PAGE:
In Blue Nile v. Ideal Diamond Solutions, the U.S. District Court for the Western District of Washington held that co-defendant Larry Chasin, founder and an officer of defendant IDS, was personally liable for infringement of plaintiff Blue Nile’s copyrighted images, even though Chasin claimed he had no role in putting infringing images on websites and he did not know the images were infringing.

Blue Nile is an online jewelry and diamond retailer. Chasin founded and operated IDS to create websites for brick-and-mortar jewelers to help them compete online. The websites included some of Blue Nile’s copyrighted images.

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How to Resign as Agent for Service of Process (or Disclaim a Corporate Position)

California Secretary of State Form RA-100 - Resignation of Agent

In “Incorporation: Not All (States’) Agents are Created Equal“, I discussed how agents for service of process in California are less formal – in both their appointment and their responsibilities – than registered agents in other states. California agents can resign more easily, too.

Corporations Code Section 1503(a) states that an agent for service of process may resign simply by filing a signed and acknowledged written statement. The Secretary of State? has provided Form RA-100 for this purpose. (more…)

What Does the Chairman of the Board Do?

GavelEarlier today I answered the following Quora question: What does the Chairman of the Board do?

Here is the answer that I provided:

The Chairman of the Board does what the Bylaws and the Board of Directors say s/he will do. Here is some typical Bylaws language: (more…)

Who Can Sign Contracts for a Corporation?

Photo of hand with pen on paper, symbolizing who can sign contracts for a corporationA couple of weeks ago, I answered a question on Avvo about who can sign contracts on behalf of a corporation. This issue comes up from time to time, so I will discuss it at some length in this post.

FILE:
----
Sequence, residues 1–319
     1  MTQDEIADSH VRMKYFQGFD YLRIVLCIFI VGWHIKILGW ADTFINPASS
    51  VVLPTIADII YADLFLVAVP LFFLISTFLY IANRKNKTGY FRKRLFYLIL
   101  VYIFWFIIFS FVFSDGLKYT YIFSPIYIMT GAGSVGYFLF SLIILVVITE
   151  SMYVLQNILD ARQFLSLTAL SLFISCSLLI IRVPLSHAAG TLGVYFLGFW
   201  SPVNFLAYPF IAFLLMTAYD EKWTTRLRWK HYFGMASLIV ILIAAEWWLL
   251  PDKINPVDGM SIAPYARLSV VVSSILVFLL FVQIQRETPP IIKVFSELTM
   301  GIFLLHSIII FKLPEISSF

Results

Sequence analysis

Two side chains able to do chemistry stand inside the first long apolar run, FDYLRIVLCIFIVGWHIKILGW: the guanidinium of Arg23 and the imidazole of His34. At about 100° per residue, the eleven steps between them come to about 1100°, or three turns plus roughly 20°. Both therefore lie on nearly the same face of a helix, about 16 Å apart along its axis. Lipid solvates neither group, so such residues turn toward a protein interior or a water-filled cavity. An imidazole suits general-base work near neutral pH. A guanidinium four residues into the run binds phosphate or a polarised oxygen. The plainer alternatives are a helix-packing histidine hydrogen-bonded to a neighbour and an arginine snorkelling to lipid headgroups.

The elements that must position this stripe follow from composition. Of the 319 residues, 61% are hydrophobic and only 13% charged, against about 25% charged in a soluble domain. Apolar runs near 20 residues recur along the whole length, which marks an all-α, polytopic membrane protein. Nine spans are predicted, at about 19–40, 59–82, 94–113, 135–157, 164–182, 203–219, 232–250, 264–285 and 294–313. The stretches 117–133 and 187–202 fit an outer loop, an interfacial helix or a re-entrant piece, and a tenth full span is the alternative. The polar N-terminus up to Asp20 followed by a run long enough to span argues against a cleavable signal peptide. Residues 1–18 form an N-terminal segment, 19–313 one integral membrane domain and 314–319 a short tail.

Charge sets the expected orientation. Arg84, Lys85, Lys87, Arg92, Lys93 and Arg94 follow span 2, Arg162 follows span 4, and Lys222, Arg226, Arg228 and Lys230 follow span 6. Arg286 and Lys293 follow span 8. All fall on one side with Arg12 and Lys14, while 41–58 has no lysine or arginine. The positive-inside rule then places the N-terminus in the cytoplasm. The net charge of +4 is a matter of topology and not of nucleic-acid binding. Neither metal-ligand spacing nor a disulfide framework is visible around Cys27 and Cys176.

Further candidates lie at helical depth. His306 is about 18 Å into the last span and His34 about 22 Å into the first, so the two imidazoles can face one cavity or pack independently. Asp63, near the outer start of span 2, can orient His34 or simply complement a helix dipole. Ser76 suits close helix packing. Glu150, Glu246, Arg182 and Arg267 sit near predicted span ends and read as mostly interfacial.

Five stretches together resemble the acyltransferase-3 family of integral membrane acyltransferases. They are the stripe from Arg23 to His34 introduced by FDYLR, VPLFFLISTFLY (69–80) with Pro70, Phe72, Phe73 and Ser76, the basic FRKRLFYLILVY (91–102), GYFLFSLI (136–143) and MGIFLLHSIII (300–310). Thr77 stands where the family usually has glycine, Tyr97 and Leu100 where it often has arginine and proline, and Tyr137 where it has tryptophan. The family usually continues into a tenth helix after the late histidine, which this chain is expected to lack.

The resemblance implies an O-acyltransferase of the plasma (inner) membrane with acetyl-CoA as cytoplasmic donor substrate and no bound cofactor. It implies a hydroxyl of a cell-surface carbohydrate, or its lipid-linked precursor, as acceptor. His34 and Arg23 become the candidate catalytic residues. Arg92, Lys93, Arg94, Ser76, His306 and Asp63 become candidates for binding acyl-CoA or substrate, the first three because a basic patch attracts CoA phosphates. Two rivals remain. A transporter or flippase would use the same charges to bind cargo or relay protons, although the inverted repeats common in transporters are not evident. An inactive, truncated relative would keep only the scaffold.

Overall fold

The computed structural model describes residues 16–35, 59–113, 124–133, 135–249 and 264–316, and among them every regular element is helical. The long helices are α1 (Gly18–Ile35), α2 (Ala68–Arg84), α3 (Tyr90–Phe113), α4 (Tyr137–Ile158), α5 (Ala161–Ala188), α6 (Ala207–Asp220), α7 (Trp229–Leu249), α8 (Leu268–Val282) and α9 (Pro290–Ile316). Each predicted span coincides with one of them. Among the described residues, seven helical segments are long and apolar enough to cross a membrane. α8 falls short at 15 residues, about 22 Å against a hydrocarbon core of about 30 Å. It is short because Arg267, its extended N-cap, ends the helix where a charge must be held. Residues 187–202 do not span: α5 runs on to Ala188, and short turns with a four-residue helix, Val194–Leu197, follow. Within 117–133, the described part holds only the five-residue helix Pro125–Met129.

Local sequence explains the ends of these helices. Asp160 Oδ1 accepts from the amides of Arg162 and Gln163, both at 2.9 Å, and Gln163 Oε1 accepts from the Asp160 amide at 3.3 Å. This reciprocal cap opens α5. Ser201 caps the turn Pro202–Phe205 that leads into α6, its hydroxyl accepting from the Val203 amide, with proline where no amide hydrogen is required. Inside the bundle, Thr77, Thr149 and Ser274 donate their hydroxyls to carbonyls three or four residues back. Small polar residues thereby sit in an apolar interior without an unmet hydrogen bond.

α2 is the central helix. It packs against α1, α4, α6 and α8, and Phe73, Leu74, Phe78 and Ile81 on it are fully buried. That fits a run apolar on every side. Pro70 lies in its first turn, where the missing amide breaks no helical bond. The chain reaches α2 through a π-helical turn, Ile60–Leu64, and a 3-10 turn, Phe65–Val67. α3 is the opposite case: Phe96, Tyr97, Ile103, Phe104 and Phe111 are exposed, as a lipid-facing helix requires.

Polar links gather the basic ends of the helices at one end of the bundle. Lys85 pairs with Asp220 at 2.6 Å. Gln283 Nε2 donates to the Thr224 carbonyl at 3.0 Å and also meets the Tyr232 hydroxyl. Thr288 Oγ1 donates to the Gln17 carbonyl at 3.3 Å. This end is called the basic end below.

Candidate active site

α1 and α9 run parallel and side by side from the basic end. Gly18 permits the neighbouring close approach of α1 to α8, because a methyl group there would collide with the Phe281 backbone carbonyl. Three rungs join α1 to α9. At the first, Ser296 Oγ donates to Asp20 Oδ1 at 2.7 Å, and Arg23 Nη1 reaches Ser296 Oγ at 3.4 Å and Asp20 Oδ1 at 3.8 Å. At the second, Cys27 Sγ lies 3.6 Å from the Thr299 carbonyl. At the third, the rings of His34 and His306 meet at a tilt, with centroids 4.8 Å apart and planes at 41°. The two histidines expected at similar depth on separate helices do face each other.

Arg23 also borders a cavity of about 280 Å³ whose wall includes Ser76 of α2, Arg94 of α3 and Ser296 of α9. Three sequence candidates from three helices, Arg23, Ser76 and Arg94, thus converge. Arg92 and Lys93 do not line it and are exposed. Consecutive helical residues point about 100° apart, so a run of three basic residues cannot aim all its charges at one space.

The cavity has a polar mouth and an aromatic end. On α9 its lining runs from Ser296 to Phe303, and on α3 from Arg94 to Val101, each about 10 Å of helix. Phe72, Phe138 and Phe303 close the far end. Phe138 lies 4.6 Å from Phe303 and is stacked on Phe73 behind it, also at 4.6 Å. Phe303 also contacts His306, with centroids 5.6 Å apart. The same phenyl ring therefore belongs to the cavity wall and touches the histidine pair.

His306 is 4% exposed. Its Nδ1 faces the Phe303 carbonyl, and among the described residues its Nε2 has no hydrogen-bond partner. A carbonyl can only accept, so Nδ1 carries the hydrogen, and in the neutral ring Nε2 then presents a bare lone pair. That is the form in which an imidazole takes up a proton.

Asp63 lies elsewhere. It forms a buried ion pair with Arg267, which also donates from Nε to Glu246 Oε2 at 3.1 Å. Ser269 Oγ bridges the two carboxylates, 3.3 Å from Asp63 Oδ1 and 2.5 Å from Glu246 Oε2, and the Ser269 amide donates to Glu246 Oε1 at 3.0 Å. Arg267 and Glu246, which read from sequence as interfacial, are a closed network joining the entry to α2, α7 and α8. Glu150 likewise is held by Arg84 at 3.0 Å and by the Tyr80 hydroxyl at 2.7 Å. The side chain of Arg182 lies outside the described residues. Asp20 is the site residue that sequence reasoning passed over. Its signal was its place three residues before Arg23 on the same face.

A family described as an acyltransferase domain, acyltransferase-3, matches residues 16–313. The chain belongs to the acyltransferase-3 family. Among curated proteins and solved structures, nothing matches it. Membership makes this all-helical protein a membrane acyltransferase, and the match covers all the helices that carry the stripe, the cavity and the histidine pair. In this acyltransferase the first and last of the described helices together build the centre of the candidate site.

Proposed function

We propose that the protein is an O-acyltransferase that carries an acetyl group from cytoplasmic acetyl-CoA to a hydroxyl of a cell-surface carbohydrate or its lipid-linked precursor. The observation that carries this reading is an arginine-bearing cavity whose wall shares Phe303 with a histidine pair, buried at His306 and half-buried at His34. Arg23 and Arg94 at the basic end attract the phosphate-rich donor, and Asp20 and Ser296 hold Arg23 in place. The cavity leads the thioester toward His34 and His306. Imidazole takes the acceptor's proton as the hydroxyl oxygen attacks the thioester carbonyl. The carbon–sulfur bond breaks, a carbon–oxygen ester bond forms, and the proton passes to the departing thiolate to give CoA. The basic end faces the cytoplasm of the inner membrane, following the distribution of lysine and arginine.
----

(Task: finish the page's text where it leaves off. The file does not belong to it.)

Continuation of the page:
Authorization to sign contracts is addressed in the corporation’s bylaws and / or in resolutions of the board of directors.

If specific authorizations are set forth in the bylaws, changing those authorizations can be a bit of a hassle, because the bylaws must be amended. As a result, I prefer to have specific authorization to sign contracts established by the board, with the board’s powers being established by the bylaws. Here is a typical such bylaws provision:

Executing Corporate Contracts. Except as otherwise provided in the articles or in these bylaws, the board of directors by resolution may authorize any officer, officers, agent, or agents to enter into any contract or to execute any instrument in the name of and on behalf of the corporation. This authority may be general or it may be confined to one or more specific matters. No officer, agent, employee, or other person purporting to act on behalf of the corporation shall have any power or authority to bind the corporation in any way, to pledge the corporation’s credit, or to render the corporation liable for any purpose or in any amount, unless that person was acting with authority duly granted by the board of directors as provided in these bylaws, or unless an unauthorized act was later ratified by the corporation.